Top of pagePrevious messageNext messageBottom of page Link to this message  By Bud Holzschuh - Panama City, FL on Tuesday, November 10, 2015 - 09:27 am:

What Steve said.


Top of pagePrevious messageNext messageBottom of page Link to this message  By Tim Wrenn-Monroeville OH on Tuesday, November 10, 2015 - 09:41 am:

I think it'll be the luck of the draw. You'll know once you put the sleeve in. If it sticks out, you have two choices, remove it and shave it down off-car, or use a dremel and do it on-car. I've done it both ways, and once I got lucky and didn't have to do it at all!


Top of pagePrevious messageNext messageBottom of page Link to this message  By Royce in Georgetown TX on Tuesday, November 10, 2015 - 09:59 am:

I've always needed to grind about 1/16 away from the sleeve on the inboard side to provide clearance for the neoprene seals. Honestly, I think the stock inner / outer felt works as well or better.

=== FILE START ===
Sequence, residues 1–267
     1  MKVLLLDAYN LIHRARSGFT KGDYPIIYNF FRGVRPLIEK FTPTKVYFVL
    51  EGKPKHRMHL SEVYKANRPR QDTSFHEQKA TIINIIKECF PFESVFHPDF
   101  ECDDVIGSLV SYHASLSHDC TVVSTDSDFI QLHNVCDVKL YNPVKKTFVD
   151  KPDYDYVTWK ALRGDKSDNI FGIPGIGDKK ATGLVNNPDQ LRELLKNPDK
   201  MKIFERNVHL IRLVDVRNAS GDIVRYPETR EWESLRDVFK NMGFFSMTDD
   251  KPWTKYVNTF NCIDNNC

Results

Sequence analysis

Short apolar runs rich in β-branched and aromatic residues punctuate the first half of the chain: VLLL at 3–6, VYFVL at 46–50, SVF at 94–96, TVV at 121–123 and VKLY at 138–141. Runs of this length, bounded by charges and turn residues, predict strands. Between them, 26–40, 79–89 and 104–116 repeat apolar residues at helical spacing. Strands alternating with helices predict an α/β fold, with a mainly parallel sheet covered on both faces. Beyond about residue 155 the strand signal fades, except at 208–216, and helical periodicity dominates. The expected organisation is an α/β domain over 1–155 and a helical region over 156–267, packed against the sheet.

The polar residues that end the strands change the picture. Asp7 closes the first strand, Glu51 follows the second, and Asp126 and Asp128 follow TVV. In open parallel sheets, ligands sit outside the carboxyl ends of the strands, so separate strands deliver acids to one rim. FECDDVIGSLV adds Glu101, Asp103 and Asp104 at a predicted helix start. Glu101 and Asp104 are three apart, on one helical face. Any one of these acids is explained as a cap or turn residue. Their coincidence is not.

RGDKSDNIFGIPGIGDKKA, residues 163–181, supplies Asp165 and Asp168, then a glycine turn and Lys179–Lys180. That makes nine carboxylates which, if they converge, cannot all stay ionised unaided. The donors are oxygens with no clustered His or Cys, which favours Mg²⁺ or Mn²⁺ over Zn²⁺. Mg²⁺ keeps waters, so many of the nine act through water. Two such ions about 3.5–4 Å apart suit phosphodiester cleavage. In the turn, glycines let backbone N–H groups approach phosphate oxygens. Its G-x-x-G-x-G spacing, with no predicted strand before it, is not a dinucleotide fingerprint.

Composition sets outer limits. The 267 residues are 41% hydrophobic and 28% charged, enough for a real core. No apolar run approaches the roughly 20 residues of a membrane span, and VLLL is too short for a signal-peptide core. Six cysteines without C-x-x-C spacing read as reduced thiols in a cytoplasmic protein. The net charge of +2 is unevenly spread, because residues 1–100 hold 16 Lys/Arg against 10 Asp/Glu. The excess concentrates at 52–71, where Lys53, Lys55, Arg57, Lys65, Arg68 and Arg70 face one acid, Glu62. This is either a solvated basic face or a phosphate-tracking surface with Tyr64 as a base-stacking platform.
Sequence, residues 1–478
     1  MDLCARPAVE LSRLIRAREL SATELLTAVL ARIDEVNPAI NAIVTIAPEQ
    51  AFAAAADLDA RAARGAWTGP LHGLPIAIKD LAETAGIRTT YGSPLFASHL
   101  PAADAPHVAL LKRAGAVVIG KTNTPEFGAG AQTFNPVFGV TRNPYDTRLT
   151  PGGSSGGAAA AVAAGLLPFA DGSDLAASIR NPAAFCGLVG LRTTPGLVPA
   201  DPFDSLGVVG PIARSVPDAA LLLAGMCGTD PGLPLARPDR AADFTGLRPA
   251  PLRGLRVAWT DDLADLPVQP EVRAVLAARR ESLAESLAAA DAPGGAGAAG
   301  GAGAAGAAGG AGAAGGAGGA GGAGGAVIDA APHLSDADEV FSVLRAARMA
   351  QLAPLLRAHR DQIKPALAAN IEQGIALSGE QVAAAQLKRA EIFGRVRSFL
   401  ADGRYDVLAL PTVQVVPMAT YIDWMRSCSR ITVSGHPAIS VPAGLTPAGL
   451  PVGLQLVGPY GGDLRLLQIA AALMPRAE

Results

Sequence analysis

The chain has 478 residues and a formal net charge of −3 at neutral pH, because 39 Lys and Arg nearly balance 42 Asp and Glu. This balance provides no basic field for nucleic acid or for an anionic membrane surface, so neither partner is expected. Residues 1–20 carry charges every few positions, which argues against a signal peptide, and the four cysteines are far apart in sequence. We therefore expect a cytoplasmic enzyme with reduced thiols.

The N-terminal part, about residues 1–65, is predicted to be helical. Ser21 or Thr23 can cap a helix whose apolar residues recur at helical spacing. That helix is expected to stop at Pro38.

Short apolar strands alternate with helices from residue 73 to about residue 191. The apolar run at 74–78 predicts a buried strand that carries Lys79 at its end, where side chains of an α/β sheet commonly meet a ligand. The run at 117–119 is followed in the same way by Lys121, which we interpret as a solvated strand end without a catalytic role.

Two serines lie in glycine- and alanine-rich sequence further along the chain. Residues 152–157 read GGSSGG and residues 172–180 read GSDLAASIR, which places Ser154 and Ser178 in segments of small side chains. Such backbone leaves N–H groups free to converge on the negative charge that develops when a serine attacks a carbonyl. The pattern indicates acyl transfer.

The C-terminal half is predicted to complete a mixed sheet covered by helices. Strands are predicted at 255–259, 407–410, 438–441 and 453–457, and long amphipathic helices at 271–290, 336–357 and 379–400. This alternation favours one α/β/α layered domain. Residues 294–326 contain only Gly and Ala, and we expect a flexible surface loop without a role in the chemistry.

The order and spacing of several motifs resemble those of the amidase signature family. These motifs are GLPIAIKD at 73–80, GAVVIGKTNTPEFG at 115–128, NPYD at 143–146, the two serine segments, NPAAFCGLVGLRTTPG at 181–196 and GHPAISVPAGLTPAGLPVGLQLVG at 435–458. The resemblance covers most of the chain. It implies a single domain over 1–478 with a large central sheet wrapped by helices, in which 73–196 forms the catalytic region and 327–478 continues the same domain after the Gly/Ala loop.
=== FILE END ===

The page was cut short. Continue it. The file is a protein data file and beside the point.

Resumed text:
I have a period accessory on my 1914 that has a sort of long coil spring around each axle. Driving the car forward carries the oil back to the center on the coil spring. It is simple and ingenious.


Top of pagePrevious messageNext messageBottom of page Link to this message  By Jay - In Northern California on Tuesday, November 10, 2015 - 11:10 am:

I had to hand file the sleeves to get the seals in our 13/14 rear end.


Top of pagePrevious messageNext messageBottom of page Link to this message  By Glen Chaffin on Tuesday, November 10, 2015 - 11:25 am:

Ford did not control where the inner ring was riveted until about 1925 when he started using the Leather seals. What I do is measure the distance from the side of the inner ring to the outer end of the axle tube. Then compare that with the width of the sleeve. This will tell you exactly how much room you have for the seal. With our new seals you need about 1/16 inch. With our old seals you need about 1/8. The sleeve should be tight against the seal so it will not turn. so don't shorten the sleeve too much and make sure that the sleeve is still longer than the bearing. These are all important things to check.


Top of pagePrevious messageNext messageBottom of page Link to this message  By Anthonie Boer---- Klaaswaal NL on Tuesday, November 10, 2015 - 12:26 pm: